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Leadership: From the Office to the Operation

Michael Jacobs has been CFO for BR Guest Restaurants for the last 7 years. That is he was, up until 3 months ago where he assumed the COO role. In his role as CFO he was responsible for making massive decisions for the 2000 plus person organization…all from his office. In his new role he has immersed himself in the operations to get up to speed as fast as he can.

Michael Jacobs has been CFO for BR Guest Restaurants for the last 7 years. That is he was, up until 3 months ago where he assumed the COO role. In his role as CFO he was responsible for making massive decisions for the 2000 plus person organization…all from his office. In his new role he has immersed himself in the operations to get up to speed as fast as he can. He is spending 8 plus hours in the restaurants, on the front lines with his managers and his guests (in addition to all his other duties.) It has been eye opening for him and wonderful for his managers who are on the front lines everyday.

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So what has the learning been?

Although he espouses many learning’s Mr. Jacobs reports the following
as his top three:

“What has been huge for me is the impact of senior level support, the in person kind, not through e-mail or on the phone. The goals become real to them because we talk about them in real time one on one.”

“It’s easy to say we have these rules and policies and now I see that real life does not always equal policy. It is clear that sometimes you have to shift the policy to meet your bigger objective of service and quality.”

“A day I the life in ops for me is like a bus ride I sometimes wish all the stops were the same, organized and in a neat pattern, but the truth is that never happens in the hospitality world, so the focus must be on the destination as opposed to the process.”

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His people are thrilled as he experiences first hand obstacles and then looks for ways to clear the barriers he did not know existed before.

I read with interest Joann Lublin’s article in The Wall Street Journal this past Monday titled “The Brass Try Life in the Trenches” It spoke all about leaders who are typically removed from the day to day operations committing time to being in the trenches for a specific amount of time to learn what their human resource faces everyday and every hour. I say, what has taken so long. Every company should have such a program. It should be mandatory for senior leaders, how else will they ever understand how the decisions they make affect their employees and ultimately their customers. This mis-understanding is one of the primary complaints from line staff about their leaders, a common comment is “our managers have no idea what we do”

So what companies are doing this?

Ms. Lublin referenced seven companies currently participating in “trench programs”:

Walt Disney, since 1990, two dozen senior executives take theme-park roles for one day per year.
Continental Airlines, since 1995, senior managers help airport workers serve passengers on a Friday before a holiday weekend.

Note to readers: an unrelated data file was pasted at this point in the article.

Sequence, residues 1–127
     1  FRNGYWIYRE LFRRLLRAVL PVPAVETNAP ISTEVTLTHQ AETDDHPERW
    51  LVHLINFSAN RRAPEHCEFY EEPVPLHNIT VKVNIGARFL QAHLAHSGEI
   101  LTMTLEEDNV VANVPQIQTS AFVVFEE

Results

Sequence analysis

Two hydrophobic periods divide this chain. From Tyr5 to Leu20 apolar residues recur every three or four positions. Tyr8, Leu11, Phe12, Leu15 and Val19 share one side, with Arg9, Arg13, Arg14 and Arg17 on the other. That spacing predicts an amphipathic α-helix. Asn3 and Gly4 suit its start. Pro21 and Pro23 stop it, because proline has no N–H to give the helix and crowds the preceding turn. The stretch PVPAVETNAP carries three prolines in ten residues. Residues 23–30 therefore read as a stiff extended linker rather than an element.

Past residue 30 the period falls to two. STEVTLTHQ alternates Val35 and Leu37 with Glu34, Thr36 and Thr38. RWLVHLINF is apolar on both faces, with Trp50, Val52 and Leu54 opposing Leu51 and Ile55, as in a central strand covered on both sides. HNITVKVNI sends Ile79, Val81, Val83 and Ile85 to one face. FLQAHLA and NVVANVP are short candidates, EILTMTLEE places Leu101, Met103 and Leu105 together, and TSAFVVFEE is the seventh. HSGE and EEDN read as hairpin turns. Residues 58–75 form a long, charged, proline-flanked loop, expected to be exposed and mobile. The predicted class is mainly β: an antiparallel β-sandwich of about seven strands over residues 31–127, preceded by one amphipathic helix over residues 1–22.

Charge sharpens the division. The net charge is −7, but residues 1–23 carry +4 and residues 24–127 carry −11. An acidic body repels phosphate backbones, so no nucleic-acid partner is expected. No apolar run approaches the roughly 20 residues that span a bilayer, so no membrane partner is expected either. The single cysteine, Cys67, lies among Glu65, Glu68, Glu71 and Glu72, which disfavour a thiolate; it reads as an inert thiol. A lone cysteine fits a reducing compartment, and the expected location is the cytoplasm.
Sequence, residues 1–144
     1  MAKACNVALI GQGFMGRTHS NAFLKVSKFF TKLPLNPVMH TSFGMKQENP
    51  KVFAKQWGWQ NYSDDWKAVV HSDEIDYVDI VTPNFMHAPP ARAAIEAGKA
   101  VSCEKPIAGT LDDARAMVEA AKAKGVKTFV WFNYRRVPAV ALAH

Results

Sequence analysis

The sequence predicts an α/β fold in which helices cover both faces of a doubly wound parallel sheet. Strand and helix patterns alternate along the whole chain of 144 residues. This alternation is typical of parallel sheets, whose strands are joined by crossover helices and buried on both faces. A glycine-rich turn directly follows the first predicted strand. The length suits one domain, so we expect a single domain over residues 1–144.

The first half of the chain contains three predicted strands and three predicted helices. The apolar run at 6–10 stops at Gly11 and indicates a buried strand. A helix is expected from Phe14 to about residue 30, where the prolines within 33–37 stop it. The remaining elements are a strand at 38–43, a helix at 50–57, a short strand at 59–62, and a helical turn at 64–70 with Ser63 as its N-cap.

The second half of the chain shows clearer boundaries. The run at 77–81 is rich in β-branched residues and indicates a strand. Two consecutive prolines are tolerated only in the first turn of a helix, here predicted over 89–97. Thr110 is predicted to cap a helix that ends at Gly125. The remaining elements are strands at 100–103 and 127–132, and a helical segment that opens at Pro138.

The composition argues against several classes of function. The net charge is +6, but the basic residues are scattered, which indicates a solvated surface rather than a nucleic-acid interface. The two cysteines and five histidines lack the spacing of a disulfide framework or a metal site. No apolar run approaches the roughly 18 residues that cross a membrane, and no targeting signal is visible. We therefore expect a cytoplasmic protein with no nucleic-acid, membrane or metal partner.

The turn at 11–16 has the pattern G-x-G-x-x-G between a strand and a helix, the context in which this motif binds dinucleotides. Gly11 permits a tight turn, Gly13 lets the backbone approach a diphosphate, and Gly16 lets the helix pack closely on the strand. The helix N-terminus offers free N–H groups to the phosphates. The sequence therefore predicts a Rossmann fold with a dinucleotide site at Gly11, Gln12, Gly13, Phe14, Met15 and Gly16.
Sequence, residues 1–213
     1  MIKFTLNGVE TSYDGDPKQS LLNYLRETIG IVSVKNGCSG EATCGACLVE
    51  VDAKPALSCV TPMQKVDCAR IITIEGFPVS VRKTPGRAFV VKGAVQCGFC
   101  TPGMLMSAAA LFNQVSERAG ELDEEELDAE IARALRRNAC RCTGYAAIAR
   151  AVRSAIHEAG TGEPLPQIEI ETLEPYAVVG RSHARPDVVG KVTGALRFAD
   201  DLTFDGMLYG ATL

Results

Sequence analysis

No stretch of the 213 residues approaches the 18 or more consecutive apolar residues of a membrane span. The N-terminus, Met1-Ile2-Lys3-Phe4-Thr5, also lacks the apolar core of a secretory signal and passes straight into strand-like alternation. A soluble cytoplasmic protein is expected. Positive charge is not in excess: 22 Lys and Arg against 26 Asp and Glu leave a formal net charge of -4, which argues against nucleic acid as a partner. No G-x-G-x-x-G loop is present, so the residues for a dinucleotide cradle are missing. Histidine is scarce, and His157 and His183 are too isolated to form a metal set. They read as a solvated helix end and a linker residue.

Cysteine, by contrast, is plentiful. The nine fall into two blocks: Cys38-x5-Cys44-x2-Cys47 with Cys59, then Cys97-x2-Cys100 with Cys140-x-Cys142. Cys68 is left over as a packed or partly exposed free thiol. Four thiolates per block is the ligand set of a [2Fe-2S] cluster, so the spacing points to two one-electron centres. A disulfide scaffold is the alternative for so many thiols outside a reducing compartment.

Sysco, since 2000, certain executives spend or night twice a year alongside front-line staffers.
DaVita, since 2002, senior managers work three days as dialysis-clinic technicians.
Amazon.com, since 2003, top managers handle phone or email queries one day every two years.
Loews Hotels, since 2004, headquarters executives (except CEO) and middle managers do entry-level jobs one day per year.
Marriott International, effective this year, headquarters managers will do front-line jobs at D.C.-area hotels for one day this summer.

What has the learning been for the executives that have participated?

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To be conscious of the power of the power of their words and how much impact they have deep into the organization.

Understanding that when employees miss a meeting to handle a customer that they are doing the right thing. Being short staffed is more then inconvenience, it is detrimental to both customers and greatly increases staff burn out. To shift from being angry to being grateful.

They are planning better so last minute deadlines do not distract the operation that can also throw their employees in chaos.

Lowering expectations from new hires until they are trained and supported. Understanding that just because someone was hired does not mean they will produce until they have the tools and training.

What Can You Do?

If you do not have this in place already do it now. You don’t have to recreate the wheel, find out what is working for others who are doing this and make it happen in your organization. I guarantee you will get more information, garner more respect from your employees and see big impact in the way you are doing business.

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One last thought:

If you want to see Mr. Michael Jacobs work in action I highly suggest you visit one of the BR Guest Restaurants, they really are fabulous. You can access their locations by viewing their web page at WWW.BRGUESTINC.com. You will not be disappointed.

Grace Andrews • Executive Coach/Corporate Healer • President, Training By Design • Boston, MA • gandrews@training-by-design.com • www.training-by-design.com

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